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Why Shore's first period goal was upheld and why it is the wrong call

Why Shore's first period goal was upheld and why it is the wrong call

The Capitals found themselves down early against the Dallas Stars after a controversial goal by Dallas forward Devin Shore was upheld after a coach’s challenge.

Less than two minutes into the game, a long-range shot from Stephen Johns was deflected on net forcing a spectacular toe save from Braden Holtby. The save, however, forced him to slide to the far left. Stars forward Patrick Sharp took the puck for a wrap around to the right. Holtby tried to recover, but could not as Shore was in the crease blocking his way. Shore had been pushed into the crease by Brooks Orpik and was eventually able to knock the puck into the empty net after Sharp’s initial attempt did not go in.

You can see the play in the video above.

The goal was immediately challenged by Barry Trotz, but was upheld after the review.

RELATED: Trotz talks Burakovsky's potential return for Cali trip

The NHL released an explanation via the Situation Room blog:

At 1:48 of the first period in the Stars/Capitals game, Washington requested a Coach's Challenge to review whether Devin Shore interfered with Capitals goaltender Braden Holtby prior to Dallas' goal.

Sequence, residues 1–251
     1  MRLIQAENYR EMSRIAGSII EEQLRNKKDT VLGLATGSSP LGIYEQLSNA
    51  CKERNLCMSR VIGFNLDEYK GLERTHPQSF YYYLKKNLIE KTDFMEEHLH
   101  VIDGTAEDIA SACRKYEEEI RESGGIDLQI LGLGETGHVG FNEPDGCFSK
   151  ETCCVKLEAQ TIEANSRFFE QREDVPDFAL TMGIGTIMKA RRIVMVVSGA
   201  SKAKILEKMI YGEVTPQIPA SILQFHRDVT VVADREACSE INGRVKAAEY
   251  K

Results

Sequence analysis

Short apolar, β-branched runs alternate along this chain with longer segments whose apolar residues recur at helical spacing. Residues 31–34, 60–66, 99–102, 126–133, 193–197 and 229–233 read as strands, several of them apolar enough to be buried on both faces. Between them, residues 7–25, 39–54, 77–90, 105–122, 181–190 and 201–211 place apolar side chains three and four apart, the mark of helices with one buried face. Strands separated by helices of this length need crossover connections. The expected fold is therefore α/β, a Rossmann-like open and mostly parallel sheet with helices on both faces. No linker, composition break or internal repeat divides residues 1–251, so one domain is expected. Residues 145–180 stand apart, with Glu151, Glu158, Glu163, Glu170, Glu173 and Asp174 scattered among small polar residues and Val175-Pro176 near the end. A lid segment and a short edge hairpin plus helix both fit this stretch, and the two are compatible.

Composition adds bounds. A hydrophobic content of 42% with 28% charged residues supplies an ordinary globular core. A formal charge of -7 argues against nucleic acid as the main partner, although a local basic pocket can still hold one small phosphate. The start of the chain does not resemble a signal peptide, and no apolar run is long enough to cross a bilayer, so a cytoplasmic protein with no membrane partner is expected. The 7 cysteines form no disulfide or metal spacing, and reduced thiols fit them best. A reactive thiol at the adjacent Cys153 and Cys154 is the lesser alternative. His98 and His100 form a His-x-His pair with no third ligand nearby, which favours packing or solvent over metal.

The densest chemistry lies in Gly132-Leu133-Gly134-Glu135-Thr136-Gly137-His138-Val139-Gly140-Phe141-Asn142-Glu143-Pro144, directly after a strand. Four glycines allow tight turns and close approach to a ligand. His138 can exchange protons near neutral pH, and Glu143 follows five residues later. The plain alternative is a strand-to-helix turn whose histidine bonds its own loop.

After reviewing all available replays and consulting with NHL Hockey Operations staff, the Referee determined that the actions of the Washington player caused Shore to contact Holtby before the puck crossed the goal line. The decision was made in accordance with Note 2 of Rule 78.7 (ii) which states, in part, that the goal should be allowed because "the attacking Player was pushed, shoved or fouled by a defending Player causing the attacking Player to come into contact with the goalkeeper."

Orpik certainly pushed Shore into the crease. There’s no argument there. The problem is that Shore made no effort to get out of the crease once he was in. When a player is pushed into the crease, that doesn’t give him the right to simply set up shop. It’s incumbent on him to make a reasonable effort to get out.

When watching the play, Shore has an opportunity to attempt to get out of the crease, but remains in place. At best, he was unintentionally blocking Holtby’s path to the puck. At worst, he was taking advantage of Orpik’s push to restrict Holtby from reaching the far side of the net.

Either way, it certainly looked like goalie interference, even with the push from Orpik.

MORE CAPITALS: Trotz shows Caps video of Shattenkirk's fight with Williams

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Braden Holtby — the skater — is a sight to behold

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CSNMA

Braden Holtby — the skater — is a sight to behold

Braden Holtby is an elusive guy.

The 2015-16 Vezina Trophy winner might be large in stature, but keeps to himself. When you do see him, he's typically covered in layers of goalie pads or briefly chatting with the media following a game.

So imagine the surprise to see Holtby take the ice at Kettler IcePlex well before training camp begins with zero goalie pads on.

That's what took place on Monday morning. As several players hit the ice for some unofficial workout sessions, there was the 6-2 Saskatchewan native strolling onto the ice, with a regular stick, regular skates, regular gloves and Andre Burakovsky's helmet.

RELATED: 2017-18 CAPITALS SEASON PREVIEW SERIES